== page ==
Two ritual enclosures that allow Shabbat-observant Jews to carry items beyond their homes are nearing completion in Northern Virginia.
Kesher Israel Congregation in Georgetown is expanding its eruv, or ritual enclosure, into Arlington. Rabbi Hyim Shafner said the completed eruv will enclose Congregation Etz Hayim, Chabad Lubavitch of Alexandria-Arlington and Kol Ami: Northern Virginia Reconstructionist Community, as well as Arlington National Cemetery and The Pentagon.
An eruv in Fairfax is expected to be completed this summer, said Rabbi Sholom Simon, president of the nonprofit Fairfax Eruv Committee. Once completed, it will encompass Chabad of Northern Virginia, Congregation Olam Tikvah and Pozez Jewish Community Center of Northern Virginia.
Simon said Fairfax was an ideal location for an eruv due to its high concentration of observant Jews.
“Between Olam Tikvah, the Chabad here and the JCC, it’s sort of a natural area where it’s probably the greatest concentration of Jews in Northern Virginia that would benefit from an eruv,” Simon said.
An eruv is a boundary made of wires strung along telephone poles that allow observant Jews within that area to carry items in public on Shabbat as they would at home.
Last month, the Fairfax Eruv Committee put out a call for inspectors to make visual inspections of the boundary to make sure it is intact, make minor repairs and report larger repairs.
Shafner said there is a planned inspection of the Arlington eruv by an eruv expert in July.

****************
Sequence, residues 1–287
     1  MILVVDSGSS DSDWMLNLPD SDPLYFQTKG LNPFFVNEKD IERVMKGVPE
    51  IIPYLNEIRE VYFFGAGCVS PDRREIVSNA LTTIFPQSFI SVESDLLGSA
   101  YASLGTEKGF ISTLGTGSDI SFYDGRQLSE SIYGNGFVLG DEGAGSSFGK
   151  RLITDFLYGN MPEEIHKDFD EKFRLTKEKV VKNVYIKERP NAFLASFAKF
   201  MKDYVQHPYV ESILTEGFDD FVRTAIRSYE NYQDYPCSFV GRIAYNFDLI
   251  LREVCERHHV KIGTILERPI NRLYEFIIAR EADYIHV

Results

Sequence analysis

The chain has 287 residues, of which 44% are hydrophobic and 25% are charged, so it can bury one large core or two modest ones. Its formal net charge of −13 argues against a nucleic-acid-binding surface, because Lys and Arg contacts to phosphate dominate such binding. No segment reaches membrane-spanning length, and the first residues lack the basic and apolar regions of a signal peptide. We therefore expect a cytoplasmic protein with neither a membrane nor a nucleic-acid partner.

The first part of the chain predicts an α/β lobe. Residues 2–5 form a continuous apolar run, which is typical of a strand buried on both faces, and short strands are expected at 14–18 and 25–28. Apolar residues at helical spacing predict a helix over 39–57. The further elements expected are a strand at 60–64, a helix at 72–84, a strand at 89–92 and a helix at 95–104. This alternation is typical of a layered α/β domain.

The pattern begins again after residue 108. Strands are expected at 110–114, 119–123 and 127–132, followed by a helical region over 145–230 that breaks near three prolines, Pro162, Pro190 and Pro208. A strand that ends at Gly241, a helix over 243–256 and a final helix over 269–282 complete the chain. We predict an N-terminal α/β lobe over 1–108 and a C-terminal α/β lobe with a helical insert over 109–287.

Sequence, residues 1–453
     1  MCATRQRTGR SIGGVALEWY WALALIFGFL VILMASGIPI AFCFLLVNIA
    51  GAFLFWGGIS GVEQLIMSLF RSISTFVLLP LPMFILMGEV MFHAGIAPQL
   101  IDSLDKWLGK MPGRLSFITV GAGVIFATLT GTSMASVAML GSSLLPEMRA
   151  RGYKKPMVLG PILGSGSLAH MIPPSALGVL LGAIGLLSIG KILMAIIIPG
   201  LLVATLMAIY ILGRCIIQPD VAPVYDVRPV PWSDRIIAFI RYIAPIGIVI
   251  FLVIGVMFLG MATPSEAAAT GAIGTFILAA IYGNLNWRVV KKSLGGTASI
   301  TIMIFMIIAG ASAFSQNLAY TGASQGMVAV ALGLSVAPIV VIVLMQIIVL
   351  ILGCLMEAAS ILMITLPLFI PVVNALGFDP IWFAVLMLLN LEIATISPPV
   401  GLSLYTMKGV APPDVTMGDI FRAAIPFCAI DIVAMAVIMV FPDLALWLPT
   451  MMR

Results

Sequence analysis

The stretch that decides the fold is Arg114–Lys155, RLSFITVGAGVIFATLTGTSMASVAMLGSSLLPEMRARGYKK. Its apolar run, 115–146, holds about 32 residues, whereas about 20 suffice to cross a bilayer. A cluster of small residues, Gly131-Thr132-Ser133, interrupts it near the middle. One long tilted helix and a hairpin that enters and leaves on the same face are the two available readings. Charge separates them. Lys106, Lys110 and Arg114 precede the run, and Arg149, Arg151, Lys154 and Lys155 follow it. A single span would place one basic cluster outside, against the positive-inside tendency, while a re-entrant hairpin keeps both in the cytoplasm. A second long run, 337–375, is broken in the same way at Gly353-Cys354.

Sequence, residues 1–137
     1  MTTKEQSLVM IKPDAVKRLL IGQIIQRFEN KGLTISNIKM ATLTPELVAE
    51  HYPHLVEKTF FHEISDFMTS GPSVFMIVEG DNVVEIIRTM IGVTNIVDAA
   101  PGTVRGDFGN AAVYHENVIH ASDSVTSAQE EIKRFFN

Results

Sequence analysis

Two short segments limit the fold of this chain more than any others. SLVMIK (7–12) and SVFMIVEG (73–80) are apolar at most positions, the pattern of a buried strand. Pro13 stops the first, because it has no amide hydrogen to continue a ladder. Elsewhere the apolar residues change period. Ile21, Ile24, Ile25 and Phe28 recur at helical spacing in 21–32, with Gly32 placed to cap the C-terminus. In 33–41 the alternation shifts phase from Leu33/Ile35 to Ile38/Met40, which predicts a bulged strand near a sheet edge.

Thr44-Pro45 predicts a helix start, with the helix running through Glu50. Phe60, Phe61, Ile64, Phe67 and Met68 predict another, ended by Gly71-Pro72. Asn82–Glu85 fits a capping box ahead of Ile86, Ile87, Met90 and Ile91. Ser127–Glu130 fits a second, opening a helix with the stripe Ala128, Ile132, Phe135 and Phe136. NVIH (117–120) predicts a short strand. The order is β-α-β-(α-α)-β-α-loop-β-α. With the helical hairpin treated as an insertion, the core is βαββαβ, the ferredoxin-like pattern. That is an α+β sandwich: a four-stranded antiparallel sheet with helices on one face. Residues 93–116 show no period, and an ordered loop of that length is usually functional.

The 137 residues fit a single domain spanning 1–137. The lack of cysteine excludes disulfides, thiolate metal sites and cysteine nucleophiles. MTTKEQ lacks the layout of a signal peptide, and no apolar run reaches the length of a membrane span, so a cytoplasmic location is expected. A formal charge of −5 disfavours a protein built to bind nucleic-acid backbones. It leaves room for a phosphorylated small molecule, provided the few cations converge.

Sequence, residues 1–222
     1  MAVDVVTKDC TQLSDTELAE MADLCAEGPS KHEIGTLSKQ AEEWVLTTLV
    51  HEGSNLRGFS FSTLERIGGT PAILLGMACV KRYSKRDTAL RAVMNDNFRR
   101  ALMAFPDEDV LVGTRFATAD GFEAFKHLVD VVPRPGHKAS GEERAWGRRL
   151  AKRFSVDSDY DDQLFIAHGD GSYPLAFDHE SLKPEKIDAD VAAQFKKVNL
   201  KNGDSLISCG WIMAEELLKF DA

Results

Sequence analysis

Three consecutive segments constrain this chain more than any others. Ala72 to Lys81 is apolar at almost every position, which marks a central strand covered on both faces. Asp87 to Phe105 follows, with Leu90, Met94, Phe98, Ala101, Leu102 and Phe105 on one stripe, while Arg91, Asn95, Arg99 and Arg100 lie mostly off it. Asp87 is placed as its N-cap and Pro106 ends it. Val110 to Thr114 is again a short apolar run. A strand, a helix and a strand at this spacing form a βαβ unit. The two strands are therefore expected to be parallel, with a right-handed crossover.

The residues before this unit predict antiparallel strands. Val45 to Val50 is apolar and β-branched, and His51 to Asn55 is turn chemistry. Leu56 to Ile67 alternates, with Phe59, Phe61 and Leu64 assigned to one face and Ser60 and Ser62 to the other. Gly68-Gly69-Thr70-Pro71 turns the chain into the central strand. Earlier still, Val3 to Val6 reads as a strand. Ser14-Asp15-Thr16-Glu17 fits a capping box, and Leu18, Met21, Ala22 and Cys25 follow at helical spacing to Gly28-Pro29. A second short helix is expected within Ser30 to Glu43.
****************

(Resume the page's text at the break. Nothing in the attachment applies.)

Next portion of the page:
Originally, the plan was to expand the eruv over the Potomac into Arlington’s Rosslyn neighborhood. That way Kesher Israel congregants could walk to and from the synagogue over the Francis Scott Key Memorial Bridge. Shafner said many of his congregants, especially young adults, can’t afford to live near the synagogue.
“Things are so expensive in Georgetown,” Shafner said. So the synagogue decided to expand the area of the eruv to include another more affordable neighborhood for congregants to settle in within walking distance of Kesher Israel.
Construction involved following the path of utility poles on foot to scout out the best route for the eruv’s wires. The synagogue also needed permission from government agencies to string the eruv along poles and through public spaces like parks.
“There’s very few people that will have to walk or carry anything more than two miles from the synagogue,” Shafner said.
Jews in Fairfax had discussed establishing an eruv for over a decade, according to Simon.
But interest in a Fairfax eruv was kickstarted by the release in 2017 of a demographic study of the Washington region Jewish community. The report showed 41 percent of Greater Washington’s Jewish population lives in Northern Virginia.
Last year, the eruv committee applied for and received a $35,000 grant from the Jewish Federation of Greater Washington for the eruv’s construction and maintenance.
“In terms of the whole community, it’ll have a dramatic, long-term effect,” Simon said. “It’ll help build institutions around here. And that’s very exciting.”